This is ninth grade. I already have to structure all the "homework" into daily classwork or it simply will not be completed. Hell, it's not even completed as classwork half the time. How, How, How do I make them stand up and want to be educated?

Again, I am only ranting about that bottom percentile that refuses to work, those recalcitrant students that make my days longer and make me spend less time on the students who want to be there. Most of my students are great. But in this age of "No Frickin' Child Left Behind," why am I spending all of my energy on the bottom percentile?

So I admit, I leave some behind. There are two boys in particular in my fourth period class that during the three days the students were preparing their acting group scenes for Romeo and Juliet, they literally spent three days staring into space, even after repeated prompting by me that they needed to accomplish this task. So they get up to perform their scene after even more prodding, and just stunk it up. I knew there was trouble when the kid asked me how to pronounce the very first word in the scene, "Sirrah," as he started to act. They had three days to look up the words and get comfortable with the language, especially with all the guidance I was giving.

And then I had this boy in for conferences this week. His mother is oblivious. She keeps saying, "I'm trying to work with him," even after last semester's report card has five out of six F's and the current progress report is even worse. Did he turn in the essay today to raise his grade? No. He says he still has a couple of paragraphs left.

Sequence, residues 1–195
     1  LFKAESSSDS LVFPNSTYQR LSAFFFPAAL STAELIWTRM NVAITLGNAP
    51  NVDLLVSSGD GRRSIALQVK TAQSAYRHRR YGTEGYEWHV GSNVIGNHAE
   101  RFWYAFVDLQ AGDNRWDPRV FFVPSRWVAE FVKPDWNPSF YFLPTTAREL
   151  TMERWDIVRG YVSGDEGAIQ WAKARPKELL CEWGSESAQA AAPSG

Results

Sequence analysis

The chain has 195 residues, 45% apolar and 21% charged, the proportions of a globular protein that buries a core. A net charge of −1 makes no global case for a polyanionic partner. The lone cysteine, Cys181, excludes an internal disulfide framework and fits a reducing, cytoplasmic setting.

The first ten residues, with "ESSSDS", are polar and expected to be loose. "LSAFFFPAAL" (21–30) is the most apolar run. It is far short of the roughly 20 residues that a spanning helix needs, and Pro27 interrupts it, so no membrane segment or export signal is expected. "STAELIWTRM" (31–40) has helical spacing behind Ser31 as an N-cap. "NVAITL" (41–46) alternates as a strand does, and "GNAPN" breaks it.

My curriculum is rigorous and relevant. Those that took the task of the group acting scene, and then earlier this month the individual Shakespeare speech memorization, are really doing well. It is working.

So, for these few, do they deserve to bring down the rest?

Thursday, March 24, 2005

A Paper on Wuthering Heights

Matt Butcher
English 222
Ms. Zeedyk
December 11, 1992
An Investigation of Wuthering Heights
Wuthering Heights has been considered one of the greatest love
stories of all time. Simply calling it a love story, however, would
not do it justice. It is a tale of love that is stronger than death.
It is also a tale of passion and revenge. With its unique style and
structure, Emily Bronte's only novel, Wuthering Heights, has become a
classic of English literature.
The love story of Catherine Earnshaw and Heathcliff was very
unconventional for the time period in which it was written, the
mid-19th century. When Catherine marries Edgar Linton of Thrushcross
Grange instead of Heathcliff, Bronte is making commentary on the
social structure of the time. "It would degrade me to marry
Heathcliff now," says Catherine. The class system is very much a
force behind her decision to marry Edgar. Even though she is
betraying Heathcliff as well as her own heart, the class system is
more important. The outlook of the marriage is everything. This
choice sets up the rest of the novel's plot and the foundation for
Heathcliff's revenge.
If this were an ordinary love story or romantic novel, one would
have to look at Heathcliff as the villain and Catherine as the
heroine. Catherine dies before the novel is half over and at first
the reader is left wondering at how Bronte can sustain the novel for
two hundred more pages. The next generation also brings a unique new
outlook to the story.
The passion in Wuthering Heights is only restricted by the
reader's imagination. In the last meeting of Catherine and
Heathcliff, they embrace other with such desire that Catherine wishes